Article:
Washington D.C. – Lakota Sioux Indian representatives declared sovereign nation status today in Washington D.C. following Monday’s withdrawal from all previously signed treaties with the United States Government. The withdrawal, hand delivered to Daniel Turner, Deputy Director of Public Liaison at the State Department, immediately and irrevocably ends all agreements between the Lakota Sioux Nation of Indians and the United States Government outlined in the 1851 and 1868 Treaties at Fort Laramie Wyoming.
Headed by leaders of the American Indian Movement, including activist, actor and Porcupine resident Russell Means, the group dropped in on the State Department and the embassies of Bolivia, Venezuela, Chile and South Africa this week seeking recognition for their effort to form a free and independent Lakota nation. The group plans to visit more embassies in the coming months.
The new nation is needed because Indians have been "dismissed" by the United States and are tired of living under a colonial apartheid system, Means said during a news conference held at Plymouth Congregational Church in northeast Washington. He was accompanied by a bodyguard and three other Lakota activists - Gary Rowland, Duane Martin and Phyllis Young, all of South Dakota.
"I want to emphasize, we do not represent the collaborators, the Vichy Indians and those tribal governments set up by the United States of America to ensure our poverty, to ensure the theft of our land and resources," Means said, comparing elected tribal governments to Nazi collaborators in France during World War II.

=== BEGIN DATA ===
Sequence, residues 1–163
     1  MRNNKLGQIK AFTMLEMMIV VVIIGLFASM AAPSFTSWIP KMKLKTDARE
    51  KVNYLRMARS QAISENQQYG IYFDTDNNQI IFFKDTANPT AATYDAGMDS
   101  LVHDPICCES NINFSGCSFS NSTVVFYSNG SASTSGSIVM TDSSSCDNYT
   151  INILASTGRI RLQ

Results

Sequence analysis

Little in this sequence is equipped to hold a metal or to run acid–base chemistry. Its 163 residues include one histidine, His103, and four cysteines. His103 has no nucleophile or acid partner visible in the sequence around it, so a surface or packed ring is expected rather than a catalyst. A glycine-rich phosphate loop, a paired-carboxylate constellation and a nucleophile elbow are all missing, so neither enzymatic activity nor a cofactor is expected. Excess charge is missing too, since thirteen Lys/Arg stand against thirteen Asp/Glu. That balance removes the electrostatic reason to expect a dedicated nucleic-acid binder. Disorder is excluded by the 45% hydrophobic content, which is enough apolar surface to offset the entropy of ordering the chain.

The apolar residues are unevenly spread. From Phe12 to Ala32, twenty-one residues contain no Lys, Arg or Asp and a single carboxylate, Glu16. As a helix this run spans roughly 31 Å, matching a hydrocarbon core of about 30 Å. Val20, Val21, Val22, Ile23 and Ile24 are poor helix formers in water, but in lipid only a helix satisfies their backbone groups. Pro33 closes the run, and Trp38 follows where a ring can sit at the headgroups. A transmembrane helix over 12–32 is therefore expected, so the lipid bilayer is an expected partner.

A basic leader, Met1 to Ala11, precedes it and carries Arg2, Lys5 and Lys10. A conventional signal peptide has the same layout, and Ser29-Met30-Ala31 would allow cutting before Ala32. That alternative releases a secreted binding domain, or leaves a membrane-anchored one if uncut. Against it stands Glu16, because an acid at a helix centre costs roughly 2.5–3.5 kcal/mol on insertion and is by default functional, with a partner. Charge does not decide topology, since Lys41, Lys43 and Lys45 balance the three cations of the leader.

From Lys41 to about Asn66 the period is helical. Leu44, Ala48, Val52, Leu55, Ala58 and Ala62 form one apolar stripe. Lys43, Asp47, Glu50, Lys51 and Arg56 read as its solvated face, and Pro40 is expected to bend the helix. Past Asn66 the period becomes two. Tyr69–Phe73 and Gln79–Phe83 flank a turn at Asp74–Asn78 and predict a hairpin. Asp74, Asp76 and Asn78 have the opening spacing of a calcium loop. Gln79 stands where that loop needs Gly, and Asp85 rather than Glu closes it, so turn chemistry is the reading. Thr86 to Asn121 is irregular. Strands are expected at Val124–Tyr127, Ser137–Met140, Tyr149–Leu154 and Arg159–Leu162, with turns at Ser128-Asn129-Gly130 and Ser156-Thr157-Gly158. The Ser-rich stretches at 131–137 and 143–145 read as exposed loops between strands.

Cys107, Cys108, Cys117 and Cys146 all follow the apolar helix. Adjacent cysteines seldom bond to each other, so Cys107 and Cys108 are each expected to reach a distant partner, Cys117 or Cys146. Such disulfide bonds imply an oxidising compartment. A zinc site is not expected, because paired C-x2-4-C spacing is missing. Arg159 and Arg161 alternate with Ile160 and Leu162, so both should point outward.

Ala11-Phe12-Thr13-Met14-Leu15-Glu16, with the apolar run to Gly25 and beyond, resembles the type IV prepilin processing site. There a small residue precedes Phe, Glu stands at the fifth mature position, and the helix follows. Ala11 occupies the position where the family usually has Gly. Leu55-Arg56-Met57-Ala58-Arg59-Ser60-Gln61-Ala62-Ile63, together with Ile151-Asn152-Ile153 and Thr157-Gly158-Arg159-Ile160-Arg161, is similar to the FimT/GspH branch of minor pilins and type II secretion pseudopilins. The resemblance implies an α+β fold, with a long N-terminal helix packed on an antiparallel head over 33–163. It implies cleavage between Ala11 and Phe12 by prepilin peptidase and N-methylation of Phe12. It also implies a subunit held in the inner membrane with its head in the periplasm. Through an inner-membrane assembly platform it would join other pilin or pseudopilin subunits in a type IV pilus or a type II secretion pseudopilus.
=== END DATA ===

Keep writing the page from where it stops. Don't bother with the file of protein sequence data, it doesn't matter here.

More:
The Lakota Indians, who gave the world legendary warriors Sitting Bull and Crazy Horse, have withdrawn from treaties with the United States, leaders said Wednesday.
"We are no longer citizens of the United States of America and all those who live in the five-state area that encompasses our country are free to join us," long-time Indian rights activist Russell Means told a handful of reporters and a delegation from the Bolivian embassy, gathered in a church in a run-down neighborhood of Washington for a news conference.
A delegation of Lakota leaders delivered a message to the State Department on Monday, announcing they were unilaterally withdrawing from treaties they signed with the federal government of the United States, some of them more than 150 years old.
Lakota Freedom Delegation